‘I want to prevent a catastrophe,’ said Hugh Grant. ‘Quit acting then,’ I tweeted


Radio Times has released its coveted ‘Top TV 100’ list for 2019 – selected by the most powerful executives in broadcasting – and initially I was bitterly disappointed to find myself languishing down at No 32. But then I spotted Lord Sugar at No 33, Ant and Dec at No 46, Simon Cowell at No 77, Gary Lineker at No 90, and poor old Dan Walker, my so-called breakfast TV ‘rival’, failing to make the list at all. Suddenly, my despair turned to unbridled jubilation.


By the time this column appears, the result of the General Election will be known.

But whoever won, the biggest loser of the campaign is undoubtedly demented Brexit-hater Hugh Grant, who marched around offering his unwanted ‘tactical voting’ election support to any politician he thinks can beat a Tory, because nothing screams ‘anti-Tory’ more than an absurdly posh private-school-educated millionaire actor whose ancestors include Viscount Strathallan, the Marquess of Atholl and the Earl of Nottingham.

Hugh Grant canvassing in Walton-on-Thames in the Esher and Walton constituency with Liberal Democrat candidate Monica Harding

‘I want to do my bit to prevent a national catastrophe!’ he declared, with typically grotesque self-aggrandising pomposity.

‘Quit acting then…’ I tweeted the insufferable twerp.

To which John Cleese, Grant’s only rival for the title of Britain’s Most Annoying Thespian, retorted: ‘This jibe, from a man whose only talent is self-promotion, reminds me of an exchange some years ago. PM: When are you going to be funny again, Cleese? It’s been a long time. JC: When are you going to be talented? It’s been a lifetime.’

Ironically, this was the only time this former comic genius has made me laugh in 40 years.


It’s been a sadly busy time for the Grim Reaper taking people I admired, with Clive James, Jonathan Miller and Gary Rhodes all dying last week. (The latter once cooked me a smoked eel with horseradish cream dish in Dubai that was one of the most delicious things I’ve ever eaten.) But today, one of my true heroes passed away. Bob Willis was one of the main reasons that cricket became such a lifetime passion of mine. His Herculean exploits in the famous 1981 ‘Botham’s Ashes’ series, alongside his great mate Beefy, electrified the nation and me, then just 16.

To my joy, I got to know both men well in later years, sharing some hilarious times. On one particularly memorable yacht trip up and down the coast of Barbados in 2004, Bob sat drinking for hours on the boat’s bow, oblivious to the fact that his sunscreen-devoid face was turning fluorescent. Or rather, one side of it was, as we went out in blazing 100-degree sun and returned in darkness. He ended up looking like a half-scarlet, half-albino zombie, much to Botham’s delight.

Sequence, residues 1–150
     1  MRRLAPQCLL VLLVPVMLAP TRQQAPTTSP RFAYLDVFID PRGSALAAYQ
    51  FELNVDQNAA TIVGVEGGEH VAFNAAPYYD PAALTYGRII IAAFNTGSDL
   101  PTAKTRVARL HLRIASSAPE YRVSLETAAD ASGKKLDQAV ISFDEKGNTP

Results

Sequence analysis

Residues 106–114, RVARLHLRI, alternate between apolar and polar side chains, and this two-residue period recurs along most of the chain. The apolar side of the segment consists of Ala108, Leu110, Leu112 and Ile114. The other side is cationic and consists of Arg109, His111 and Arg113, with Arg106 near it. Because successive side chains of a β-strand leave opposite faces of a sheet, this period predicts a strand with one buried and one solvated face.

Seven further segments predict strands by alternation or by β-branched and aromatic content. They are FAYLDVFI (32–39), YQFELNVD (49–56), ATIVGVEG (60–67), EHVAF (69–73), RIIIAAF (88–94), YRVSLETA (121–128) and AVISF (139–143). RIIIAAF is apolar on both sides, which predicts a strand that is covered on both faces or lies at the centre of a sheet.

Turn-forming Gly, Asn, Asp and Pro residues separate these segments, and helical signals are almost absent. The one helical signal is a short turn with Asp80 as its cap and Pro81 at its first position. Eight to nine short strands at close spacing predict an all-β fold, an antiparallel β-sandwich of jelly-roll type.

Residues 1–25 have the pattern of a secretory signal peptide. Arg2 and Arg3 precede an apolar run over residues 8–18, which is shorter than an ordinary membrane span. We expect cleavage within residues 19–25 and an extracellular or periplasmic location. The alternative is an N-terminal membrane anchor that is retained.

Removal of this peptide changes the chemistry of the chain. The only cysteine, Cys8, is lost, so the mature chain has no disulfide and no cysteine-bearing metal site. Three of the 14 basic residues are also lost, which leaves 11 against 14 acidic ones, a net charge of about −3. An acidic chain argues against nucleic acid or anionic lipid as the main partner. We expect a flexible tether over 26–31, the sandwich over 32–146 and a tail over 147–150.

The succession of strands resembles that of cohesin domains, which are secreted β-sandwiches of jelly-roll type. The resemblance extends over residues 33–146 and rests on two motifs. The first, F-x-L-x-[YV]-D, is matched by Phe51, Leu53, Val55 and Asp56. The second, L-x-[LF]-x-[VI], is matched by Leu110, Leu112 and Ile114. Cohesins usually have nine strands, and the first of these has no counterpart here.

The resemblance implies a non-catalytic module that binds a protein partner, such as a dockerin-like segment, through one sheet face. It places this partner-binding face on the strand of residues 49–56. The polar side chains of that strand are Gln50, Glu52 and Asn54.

Several years ago, as part of Sir Ian’s extended 60th birthday celebrations, I was invited to play golf with them both at Sunningdale, followed by a seven-hour lunch at the wonderful Waterside Inn in Bray.

As the sun set, we retired to a small hexagonal hut outside, on the bank of the River Thames, where we smoked big cigars, drank even bigger brandies and debated everything from cricket and politics to Bob Dylan (Willis worshipped him) and wine (they created their own very palatable Australian vintage, Botham Merrill Willis) for several more magical hours.

It was one of the greatest experiences of my life. ‘I wish Winston Churchill was here,’ Beefy declared at one point.

No need. His spirit burned brightly in these two fiercely patriotic, highly opinionated, massive-hearted, never-give-in warriors of men. Bob and I bonded over our firm ‘better-out-than-in’ belief that if you’ve got something to say, say it loudly, proudly and preferably in a way that winds up a lot of people.

Yet beneath his apparently glum and inflammatory commentary style lay a man of fierce intelligence, wonderfully acerbic humour and tremendous loyalty.

It said it all to me that Botham, one of the greatest Britons of modern times, always behaved with such tangible respect bordering on awe around his great friend.

RIP Bob. They say never meet your heroes, but I’m so glad I met you.


‘I can’t bear the fact we’re now discussing him,’ BBC Newsnight star Emily Maitlis told Chris Evans when she appeared on his Virgin Radio Breakfast Show this morning. ‘He will love it,’ agreed Chris, correctly, before pointing out that my friend has devoted an entire chapter of her (excellent) new book Airhead exclusively to discussing me, which is why she now has to repeatedly discuss me on her book promotional tour. As the duo then continued discussing me, Emily mused as to whether someone who appears to have a skin as thick as mine ever got hurt. ‘Does he ever end up in a foetal ball and sob his eyes out?’ she asked.

What an absurd notion!

Tonight, Arsenal lost 2-1 at home to Brighton. It was our ninth consecutive game without a win, the longest run of shockingly poor form in over 40 years, and our performance was so diabolical it was met with furious booing from a half-empty stadium at the final whistle. I slumped home in abject emotional pain, opened an emergency bottle of comfort claret, glugged it a little too quickly, and ended up in a foetal ball, sobbing my eyes out.


It’s Christmas party season and yesterday I attended a delightful top-secret star-studded lunch held under ‘Chatham House rules’, so I can’t reveal what went on during a fabulously entertaining few hours. But before it began, I found myself standing between Britain’s two finest actresses – Dame Judi Dench and Dame Maggie Smith.

They’ve known each other, and frequently worked together, for 60 years, receiving countless awards in the process.

‘Who’s the best?’ I asked. ‘SHE IS!’ they both immediately replied. Like all the true greats, these two fabulous ladies’ talent is only matched by their humility.